ROCHESTER, N.Y. (WROC) — This Hispanic Heritage Month the stories of two men are bringing to light so many of the contributions and achievements that local Hispanic Americans have brought to the greater Rochester area.
Alex Castro and Ruperto Montero lead Rochester’s PathStone organization, a nonprofit community development and human service organization serving Indiana, New Jersey, New York, Ohio, Pennsylvania, Puerto Rico, Virginia, and Vermont.
Both Castro and Montero lived in Puerto Rico before coming to Rochester and their journeys took hard work, dedication, and some trial and error.
But today, they serve thousands of families throughout the region, helping them and their communities around them become self-sufficient.
For Castro, his journey to the United States began when he was 18-year-old. He grew up in Puerto Rico, where his family was middle class and full of hard-workers.
His parents decided they wanted a better future, so when he was a teenager, Castro moved with his family to Orlando, Florida.
“My stepfather, he had a great job in Puerto Rico and when he moved to Florida he couldn’t find a job. So he drove up and down I-4 on a motorcycle in winter time and he was able to find a job as a manager at McDonald’s,” Castro remembers. “They made a lot of sacrifices. We went from somewhat of an okay middle class to really be poor in Florida for many, many years.”
But it was his parent’s work ethic that instilled something similar in Castro.
He moved to Rochester at the age of 19, following his daughter’s mother, and went right to work.
“As we were dating and I didn’t have a job, I had to go on social service. So I was in social services for about six months to a year, I believe it was while we were still getting to know each other. And then from there, I was able to get a job,” Castro said. “She had two children from a prior marriage, and you know, raising a family at 19, 20-years-old. It was difficult, but her family embraced me.”
While trying to find a good job and take care of his family, Castro sometimes worked two jobs at a time, while taking classes.
“It took me about 12 years to get my associates, bachelor’s and master’s,” Castro said. “It was hard. It was you know, late nights, early mornings, long days, no weekends with family and friends.”
But over the years, Castro worked his way up to become CEO…and not just at one company.
“It was a lot of work. It was a lot of sacrifice, financial sacrifice, personal sacrifice. But, you know, I have to say that I enjoyed it. It was thrilling,” Castro said.
Castro has been the CEO of PathStone for a year-and-a-half, but he has also held the position of CEO for the Rochester Housing Authority and the Housing Council. He attributes his success to “good luck” and the wonderful people around him.
“The critical part is always surrounding myself with people that had the same end goal that I had. So I attributed a lot of ways to luck, hard work, but also just surrounding myself with great people and being in a great community such a Rochester,” he said.
While Castro’s story is inspiring, it’s one his Chief Financial Officer at PathStone can resonate with.
Ruperto Montero also came to the United States from Puerto Rico to begin his career.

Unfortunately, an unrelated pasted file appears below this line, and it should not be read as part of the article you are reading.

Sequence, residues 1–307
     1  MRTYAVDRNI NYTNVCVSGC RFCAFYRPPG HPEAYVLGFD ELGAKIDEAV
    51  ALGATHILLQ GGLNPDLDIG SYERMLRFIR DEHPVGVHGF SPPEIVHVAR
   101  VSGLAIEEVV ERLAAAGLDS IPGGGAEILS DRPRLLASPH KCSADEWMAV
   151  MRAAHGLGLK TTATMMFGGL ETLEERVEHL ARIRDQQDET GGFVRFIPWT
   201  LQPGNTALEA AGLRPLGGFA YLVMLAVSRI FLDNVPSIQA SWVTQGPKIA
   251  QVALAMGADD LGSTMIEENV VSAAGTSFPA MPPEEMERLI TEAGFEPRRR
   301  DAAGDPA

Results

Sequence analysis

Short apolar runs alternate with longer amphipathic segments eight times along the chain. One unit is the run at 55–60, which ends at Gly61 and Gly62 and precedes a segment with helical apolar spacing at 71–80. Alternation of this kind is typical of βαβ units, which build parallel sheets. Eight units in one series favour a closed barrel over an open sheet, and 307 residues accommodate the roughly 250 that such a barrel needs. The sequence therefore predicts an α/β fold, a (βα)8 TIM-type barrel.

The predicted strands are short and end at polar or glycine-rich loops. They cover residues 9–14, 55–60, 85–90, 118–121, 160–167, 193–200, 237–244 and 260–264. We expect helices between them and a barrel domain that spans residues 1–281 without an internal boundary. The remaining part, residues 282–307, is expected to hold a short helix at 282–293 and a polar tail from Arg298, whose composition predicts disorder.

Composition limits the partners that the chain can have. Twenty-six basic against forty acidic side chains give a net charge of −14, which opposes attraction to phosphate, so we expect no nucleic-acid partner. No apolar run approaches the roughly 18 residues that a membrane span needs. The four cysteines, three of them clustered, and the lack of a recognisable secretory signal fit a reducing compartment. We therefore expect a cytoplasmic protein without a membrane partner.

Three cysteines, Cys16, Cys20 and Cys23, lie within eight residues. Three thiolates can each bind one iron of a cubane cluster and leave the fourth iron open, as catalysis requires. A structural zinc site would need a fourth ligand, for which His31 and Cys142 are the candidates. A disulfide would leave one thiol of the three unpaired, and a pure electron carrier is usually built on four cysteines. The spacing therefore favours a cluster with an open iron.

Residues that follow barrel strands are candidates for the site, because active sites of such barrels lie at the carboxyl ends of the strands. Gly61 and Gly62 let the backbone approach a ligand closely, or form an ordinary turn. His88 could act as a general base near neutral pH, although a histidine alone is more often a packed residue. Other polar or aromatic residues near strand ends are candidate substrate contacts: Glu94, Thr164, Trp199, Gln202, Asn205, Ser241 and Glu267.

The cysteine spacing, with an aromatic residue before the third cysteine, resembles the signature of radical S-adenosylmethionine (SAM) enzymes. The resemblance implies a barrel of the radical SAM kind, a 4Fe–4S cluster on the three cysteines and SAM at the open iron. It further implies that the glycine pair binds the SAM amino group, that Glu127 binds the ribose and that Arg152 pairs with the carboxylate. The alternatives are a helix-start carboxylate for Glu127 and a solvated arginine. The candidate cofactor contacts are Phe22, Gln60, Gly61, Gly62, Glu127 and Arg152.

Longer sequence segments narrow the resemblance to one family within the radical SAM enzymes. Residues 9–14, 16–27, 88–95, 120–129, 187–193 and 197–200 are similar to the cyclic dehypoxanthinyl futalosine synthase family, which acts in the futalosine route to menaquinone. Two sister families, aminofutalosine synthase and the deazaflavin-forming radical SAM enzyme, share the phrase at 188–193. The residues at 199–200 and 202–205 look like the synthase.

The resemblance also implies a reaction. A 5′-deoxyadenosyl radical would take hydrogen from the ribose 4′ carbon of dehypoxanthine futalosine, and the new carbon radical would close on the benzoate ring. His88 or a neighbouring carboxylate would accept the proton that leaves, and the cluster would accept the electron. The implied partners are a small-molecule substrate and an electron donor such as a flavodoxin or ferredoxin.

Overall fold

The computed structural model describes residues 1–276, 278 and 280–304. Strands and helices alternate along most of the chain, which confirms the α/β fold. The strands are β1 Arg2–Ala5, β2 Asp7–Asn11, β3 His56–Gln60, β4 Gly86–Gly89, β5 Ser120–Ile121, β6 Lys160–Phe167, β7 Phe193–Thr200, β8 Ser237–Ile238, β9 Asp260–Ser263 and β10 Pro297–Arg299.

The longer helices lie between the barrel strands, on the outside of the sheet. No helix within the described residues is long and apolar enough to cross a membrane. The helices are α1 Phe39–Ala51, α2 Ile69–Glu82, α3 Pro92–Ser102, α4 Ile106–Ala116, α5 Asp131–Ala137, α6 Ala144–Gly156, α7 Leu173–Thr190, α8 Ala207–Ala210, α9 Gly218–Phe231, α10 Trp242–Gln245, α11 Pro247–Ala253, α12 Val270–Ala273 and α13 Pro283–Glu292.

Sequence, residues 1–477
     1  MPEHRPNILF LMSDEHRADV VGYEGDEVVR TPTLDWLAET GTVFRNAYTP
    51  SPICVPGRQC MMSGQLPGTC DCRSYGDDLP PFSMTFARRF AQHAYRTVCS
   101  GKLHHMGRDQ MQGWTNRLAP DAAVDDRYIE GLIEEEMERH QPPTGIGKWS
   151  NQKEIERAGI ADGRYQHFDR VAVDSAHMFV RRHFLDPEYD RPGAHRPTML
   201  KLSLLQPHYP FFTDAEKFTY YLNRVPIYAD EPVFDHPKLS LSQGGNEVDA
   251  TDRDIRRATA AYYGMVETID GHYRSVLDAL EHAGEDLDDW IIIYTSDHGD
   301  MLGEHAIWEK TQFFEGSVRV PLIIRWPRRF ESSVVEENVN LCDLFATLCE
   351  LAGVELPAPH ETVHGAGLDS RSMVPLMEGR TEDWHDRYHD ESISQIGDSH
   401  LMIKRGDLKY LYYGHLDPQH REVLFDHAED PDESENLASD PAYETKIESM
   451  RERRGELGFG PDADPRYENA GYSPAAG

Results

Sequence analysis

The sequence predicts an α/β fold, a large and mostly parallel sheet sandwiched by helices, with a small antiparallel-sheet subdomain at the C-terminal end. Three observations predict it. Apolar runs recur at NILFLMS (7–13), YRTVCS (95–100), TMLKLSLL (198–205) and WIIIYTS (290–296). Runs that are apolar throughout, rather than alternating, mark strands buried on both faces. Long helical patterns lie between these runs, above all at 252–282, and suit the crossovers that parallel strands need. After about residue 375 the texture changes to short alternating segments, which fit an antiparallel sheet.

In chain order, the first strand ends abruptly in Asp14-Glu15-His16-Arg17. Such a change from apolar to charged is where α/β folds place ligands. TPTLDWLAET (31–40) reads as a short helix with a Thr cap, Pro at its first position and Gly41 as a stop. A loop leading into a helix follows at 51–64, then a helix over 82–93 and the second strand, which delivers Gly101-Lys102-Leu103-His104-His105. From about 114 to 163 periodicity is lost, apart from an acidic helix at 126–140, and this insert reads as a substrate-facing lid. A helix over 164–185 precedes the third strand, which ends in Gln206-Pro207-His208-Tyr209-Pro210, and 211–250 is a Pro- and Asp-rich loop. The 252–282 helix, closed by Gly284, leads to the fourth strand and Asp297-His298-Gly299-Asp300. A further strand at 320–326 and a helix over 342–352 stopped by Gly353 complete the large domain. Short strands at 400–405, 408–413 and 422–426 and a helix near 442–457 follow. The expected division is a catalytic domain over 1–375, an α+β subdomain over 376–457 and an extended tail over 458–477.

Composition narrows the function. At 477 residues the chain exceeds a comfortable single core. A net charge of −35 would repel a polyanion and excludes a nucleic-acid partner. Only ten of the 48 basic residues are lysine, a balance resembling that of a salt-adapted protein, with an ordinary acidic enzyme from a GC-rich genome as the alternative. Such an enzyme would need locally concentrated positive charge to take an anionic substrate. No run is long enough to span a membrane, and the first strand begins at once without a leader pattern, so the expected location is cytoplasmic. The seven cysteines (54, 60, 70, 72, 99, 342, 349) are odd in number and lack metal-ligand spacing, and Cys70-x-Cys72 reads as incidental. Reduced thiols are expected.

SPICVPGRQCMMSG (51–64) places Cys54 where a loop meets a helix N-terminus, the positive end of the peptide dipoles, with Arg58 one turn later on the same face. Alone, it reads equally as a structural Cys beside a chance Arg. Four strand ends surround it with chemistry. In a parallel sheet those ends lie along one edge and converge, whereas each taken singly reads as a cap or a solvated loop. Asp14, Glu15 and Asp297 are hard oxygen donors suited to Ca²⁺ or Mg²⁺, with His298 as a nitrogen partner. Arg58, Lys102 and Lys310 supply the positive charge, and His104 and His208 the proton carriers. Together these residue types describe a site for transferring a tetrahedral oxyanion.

He grew up in the Dominican Republic before moving to Puerto Rico. Then in his mid 20s, he decided to move to Rochester.
Montero has worked for local hospital systems and non-profits in the area, before he joined the PathStone team three years ago.
As a Hispanic American, Montero said his position as CFO at the non-profit can help others in the community, specifically some of the farmworkers they provide services for.
“Farm workers usually are of Hispanic origin, so that gives us a great opportunity to be closer to them and kind of understand where they’re coming from,” Montero said.
Montero said Hispanic people in American can sometimes feel like they are in the shadows, and he enjoys using his position to help shine light on the fact that these individuals and their families are contributing to America and making it a better country.
“We can help other people like us, other people that perhaps came here looking for the American dream like we did, and perhaps we are in a better position to help them too,” Montero said.
As this Hispanic Heritage Month rolls around, both Castro and Montero are proud of the work they have both done for the community, but also the work of so many other local Hispanic Americans.
“This month gives us an opportunity to highlight that we’re not guests. We are part of this larger community. We are contributors to this large part of this larger community,” Castro said. “It’s a good reminder not only for the folks outside, but also for folks within the community to say, ‘listen, we have gotten really far…we have strived, we have taken opportunities afforded to us, and we have contributed to the community.’”
Montero said he believes others can attain their own dreams, just like he and Castro did. It doesn’t matter where you come from or what your background is, it just matters that you work hard.
“If you work hard and if you stay focused, it is possible. Sometimes setbacks might come around and you think that that opportunity that you thought should have been given to you…wasn’t given to you. It doesn’t matter. If you keep positive, stay positive, and keep trying, eventually things will happen,” Montero said. “Then you’ll have a chance to actually help your community, make things better for them and everybody else.”
To learn more about PathStone and the services the organization provides, click here.